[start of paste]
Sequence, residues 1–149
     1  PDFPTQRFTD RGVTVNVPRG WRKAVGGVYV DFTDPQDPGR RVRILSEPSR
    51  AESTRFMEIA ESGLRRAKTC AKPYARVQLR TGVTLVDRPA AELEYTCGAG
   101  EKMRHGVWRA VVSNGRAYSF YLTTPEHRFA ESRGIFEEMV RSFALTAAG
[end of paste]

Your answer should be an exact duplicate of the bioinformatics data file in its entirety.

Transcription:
Sequence, residues 1–149
     1  PDFPTQRFTD RGVTVNVPRG WRKAVGGVYV DFTDPQDPGR RVRILSEPSR
    51  AESTRFMEIA ESGLRRAKTC AKPYARVQLR TGVTLVDRPA AELEYTCGAG
   101  EKMRHGVWRA VVSNGRAYSF YLTTPEHRFA ESRGIFEEMV RSFALTAAG